Did the asteroid that did in the dinos drive up a temporary Mt. Everest?

A new study finds that the impact of the asteroid was so powerful that it caused rock in the Earth's crust to act like liquid.

The topography of Mexico's Yucatan Peninsula reveals a subtle, but unmistakable, indication of the Chicxulub asteroid impact crater, believed by many scientists to be the cause of a mass extinction event 65 million years ago. In this computer-enhanced image, the crater's outer boundary is visible as the semi-circular, darker green line in the peninsula's upper left corner: a trough only 3 to 5 meters (10 to 15 feet) deep and 5 kilometers (3 miles) wide.

When an asteroid collided into Earth some 66 million years ago, wiping out the dinosaurs, it left a crater just off the coast of Mexico’s Yucatan Peninsula, where it struck. By drilling down into the “peak ring,” or the innermost ridge of rock tossed up by the impact, scientists say they’ve reached surprising conclusions about how the collision unfolded.

Researchers from more than a dozen countries found that the force of the impact splashed up rock from deep beneath the Earth's crust, bringing it to the surface, results published Friday in the journal Science. 

“These rocks behaved like a fluid for a short period of time, and rocks don’t tend to do that,” Imperial College London geophysicist Joanna Morgan, who co-led the team, told The New York Times. “It’s a very dramatic process when you form a large crater.”

The study confirms the team’s unusual model for how craters form during powerful collisions: Over the course of a few minutes, a mountain of debris higher than Everest piled up, then collapsed again into a chain of smaller peaks, Dr. Morgan told the BBC. The Chicxulub crater, as it’s known, is the only preserved structure of its kind on Earth, making the team’s model useful in application to research into craters on the moon, and on other planets. And they also think their findings could help scientists better understand how the asteroid’s impact unleashed a cataclysmic change in the climate.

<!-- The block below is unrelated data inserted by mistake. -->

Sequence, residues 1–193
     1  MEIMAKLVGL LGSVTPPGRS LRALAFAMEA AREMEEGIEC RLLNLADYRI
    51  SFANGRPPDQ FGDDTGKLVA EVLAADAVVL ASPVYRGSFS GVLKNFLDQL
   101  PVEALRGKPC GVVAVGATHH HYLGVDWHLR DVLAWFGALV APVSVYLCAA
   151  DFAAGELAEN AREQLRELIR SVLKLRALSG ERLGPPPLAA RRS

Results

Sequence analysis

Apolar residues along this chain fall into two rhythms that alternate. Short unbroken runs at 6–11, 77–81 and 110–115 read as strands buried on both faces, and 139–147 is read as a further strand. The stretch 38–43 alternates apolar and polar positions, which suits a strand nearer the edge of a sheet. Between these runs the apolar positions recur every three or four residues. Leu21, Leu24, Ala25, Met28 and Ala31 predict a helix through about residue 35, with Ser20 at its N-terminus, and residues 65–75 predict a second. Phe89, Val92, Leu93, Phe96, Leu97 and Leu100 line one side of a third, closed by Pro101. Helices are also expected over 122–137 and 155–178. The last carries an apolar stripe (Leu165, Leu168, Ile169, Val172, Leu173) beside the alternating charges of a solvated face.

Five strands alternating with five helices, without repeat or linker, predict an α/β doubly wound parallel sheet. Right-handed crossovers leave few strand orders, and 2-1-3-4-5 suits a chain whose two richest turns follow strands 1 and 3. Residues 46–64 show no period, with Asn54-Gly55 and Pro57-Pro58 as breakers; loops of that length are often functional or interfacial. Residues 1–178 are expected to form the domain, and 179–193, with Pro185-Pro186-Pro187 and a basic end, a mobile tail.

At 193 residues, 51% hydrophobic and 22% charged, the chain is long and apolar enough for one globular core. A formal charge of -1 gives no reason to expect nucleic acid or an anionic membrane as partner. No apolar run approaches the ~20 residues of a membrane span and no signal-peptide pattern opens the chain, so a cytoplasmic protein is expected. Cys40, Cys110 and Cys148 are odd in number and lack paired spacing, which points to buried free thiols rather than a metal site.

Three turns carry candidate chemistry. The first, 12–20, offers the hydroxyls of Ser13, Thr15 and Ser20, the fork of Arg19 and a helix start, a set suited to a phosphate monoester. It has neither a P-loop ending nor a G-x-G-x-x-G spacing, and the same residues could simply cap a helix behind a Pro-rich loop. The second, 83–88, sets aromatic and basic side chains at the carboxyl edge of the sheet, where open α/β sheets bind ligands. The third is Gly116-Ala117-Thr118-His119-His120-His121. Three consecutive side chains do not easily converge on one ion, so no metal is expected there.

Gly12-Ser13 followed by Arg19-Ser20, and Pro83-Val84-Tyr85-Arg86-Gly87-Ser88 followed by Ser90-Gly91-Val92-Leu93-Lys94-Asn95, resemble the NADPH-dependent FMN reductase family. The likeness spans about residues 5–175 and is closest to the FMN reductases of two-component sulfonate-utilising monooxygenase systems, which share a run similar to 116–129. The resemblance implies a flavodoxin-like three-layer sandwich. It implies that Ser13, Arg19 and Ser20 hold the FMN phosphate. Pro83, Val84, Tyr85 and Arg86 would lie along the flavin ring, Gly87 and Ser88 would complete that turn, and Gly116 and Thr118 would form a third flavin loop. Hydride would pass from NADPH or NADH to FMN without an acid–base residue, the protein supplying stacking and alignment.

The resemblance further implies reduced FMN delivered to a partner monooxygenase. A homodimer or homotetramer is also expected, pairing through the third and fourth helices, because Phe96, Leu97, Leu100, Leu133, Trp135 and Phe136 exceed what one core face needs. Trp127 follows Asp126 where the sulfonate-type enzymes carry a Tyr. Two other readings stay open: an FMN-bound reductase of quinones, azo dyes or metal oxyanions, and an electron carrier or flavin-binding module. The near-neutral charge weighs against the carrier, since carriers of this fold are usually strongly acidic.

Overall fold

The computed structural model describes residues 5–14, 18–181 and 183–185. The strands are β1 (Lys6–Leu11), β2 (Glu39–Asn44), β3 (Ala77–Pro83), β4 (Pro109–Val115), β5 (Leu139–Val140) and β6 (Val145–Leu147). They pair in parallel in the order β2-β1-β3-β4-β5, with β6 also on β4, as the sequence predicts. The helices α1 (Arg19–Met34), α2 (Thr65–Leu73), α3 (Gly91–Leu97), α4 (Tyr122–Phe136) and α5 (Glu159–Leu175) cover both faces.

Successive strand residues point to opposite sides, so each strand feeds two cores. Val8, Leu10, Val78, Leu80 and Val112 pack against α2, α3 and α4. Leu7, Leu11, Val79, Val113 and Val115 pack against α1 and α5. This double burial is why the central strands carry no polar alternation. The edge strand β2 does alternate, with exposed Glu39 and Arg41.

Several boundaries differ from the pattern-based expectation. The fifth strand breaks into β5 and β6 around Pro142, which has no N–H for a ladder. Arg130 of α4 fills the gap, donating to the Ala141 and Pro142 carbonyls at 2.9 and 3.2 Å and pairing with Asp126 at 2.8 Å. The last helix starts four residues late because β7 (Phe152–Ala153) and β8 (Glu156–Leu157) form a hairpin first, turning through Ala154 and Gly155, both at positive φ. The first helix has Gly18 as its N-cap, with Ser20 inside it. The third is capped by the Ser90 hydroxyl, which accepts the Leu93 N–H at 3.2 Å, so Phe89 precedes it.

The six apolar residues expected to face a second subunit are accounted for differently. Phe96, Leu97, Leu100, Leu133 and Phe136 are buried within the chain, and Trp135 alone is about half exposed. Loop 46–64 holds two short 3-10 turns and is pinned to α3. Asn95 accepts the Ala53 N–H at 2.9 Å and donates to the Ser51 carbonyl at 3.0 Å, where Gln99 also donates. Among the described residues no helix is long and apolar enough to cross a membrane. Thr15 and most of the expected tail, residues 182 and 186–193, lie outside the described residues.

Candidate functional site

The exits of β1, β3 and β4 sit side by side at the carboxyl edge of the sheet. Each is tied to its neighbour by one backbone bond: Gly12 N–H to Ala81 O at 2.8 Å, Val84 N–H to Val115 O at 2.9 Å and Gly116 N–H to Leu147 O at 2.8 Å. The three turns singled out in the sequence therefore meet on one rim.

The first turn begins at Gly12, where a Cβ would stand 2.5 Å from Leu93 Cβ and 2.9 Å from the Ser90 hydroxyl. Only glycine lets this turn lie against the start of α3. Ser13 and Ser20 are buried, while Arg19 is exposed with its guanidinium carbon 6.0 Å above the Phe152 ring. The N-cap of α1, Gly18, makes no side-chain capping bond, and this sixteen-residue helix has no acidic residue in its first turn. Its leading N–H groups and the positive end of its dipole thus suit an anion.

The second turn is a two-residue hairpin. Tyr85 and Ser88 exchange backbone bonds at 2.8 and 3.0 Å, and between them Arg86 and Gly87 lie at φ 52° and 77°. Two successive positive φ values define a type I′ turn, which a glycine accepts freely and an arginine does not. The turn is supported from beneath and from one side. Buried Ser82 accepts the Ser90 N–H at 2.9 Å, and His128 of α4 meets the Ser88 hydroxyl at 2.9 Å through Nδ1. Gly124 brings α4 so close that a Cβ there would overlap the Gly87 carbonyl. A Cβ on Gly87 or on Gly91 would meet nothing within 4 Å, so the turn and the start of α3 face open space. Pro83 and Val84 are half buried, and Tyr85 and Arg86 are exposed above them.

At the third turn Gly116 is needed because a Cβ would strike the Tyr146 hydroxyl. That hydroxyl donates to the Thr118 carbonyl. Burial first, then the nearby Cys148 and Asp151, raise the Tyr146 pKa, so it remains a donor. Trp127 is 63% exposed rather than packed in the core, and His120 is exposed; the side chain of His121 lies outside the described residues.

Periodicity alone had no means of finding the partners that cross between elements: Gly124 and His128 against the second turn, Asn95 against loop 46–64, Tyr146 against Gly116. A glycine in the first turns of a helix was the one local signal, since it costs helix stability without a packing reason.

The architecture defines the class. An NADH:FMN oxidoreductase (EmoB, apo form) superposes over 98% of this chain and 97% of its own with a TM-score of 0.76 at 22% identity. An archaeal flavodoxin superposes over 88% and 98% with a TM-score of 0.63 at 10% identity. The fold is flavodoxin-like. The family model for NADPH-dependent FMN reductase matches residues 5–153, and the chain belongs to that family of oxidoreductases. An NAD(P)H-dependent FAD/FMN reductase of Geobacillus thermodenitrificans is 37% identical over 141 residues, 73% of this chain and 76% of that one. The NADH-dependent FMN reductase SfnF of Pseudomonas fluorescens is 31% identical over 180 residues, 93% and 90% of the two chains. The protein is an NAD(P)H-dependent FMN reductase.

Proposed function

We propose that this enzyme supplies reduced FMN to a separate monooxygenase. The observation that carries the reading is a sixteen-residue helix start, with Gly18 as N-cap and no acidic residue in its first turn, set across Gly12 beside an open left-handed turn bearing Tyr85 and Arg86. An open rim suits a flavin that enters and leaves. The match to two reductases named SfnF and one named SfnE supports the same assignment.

Funded with $10 million from the International Ocean Discovery Program (IODP) and the International Continental Scientific Drilling Program, the study posed several logistical challenges. About 66 million years’ worth of sediment blankets the crater. Rainforest covers the part that's now dry land, with the other part – including the center – lying below the Gulf of Mexico. That means the drilling took place offshore, as The Christian Science Monitor’s Ben Thompson wrote back in March, while the team prepared to launch their expedition: 

A specialized IODP boat outfitted with three large pylons will sail from the Yucatán coast this April to an offshore location above a peak ring. There, the pylons will be lowered into the rock and the boat will lift up and out of the water to form a stable drilling platform from which the IODP team will send a diamond-tipped bit nearly 1 mile deep into the peak ring to drill and extract rock over the course of the two-month expedition.

After drilling through some 60 feet of water and 2,000 feet of earth, the team kept pulling up samples of limestone and brecchia, or fragments of melted rock, before finally hitting paydirt, according to Sean Gulick, a co-lead author and a marine geophysicist at the University of Texas at Austin.

“It was limestone, limestone, limestone, breccia. And then suddenly pink granite!” Dr. Gulick told The New York Times. “It was exhilarating, it looks like your classic pink granite countertop.”

But the granite also showed signs of intense stress, with deformations and fractures visible to the naked eye.

“That was the big find because that says that this peak ring didn’t come from something shallow at all,” he added. “It had to come from deep because it’s made of deeply buried crustal rocks now at the surface.”

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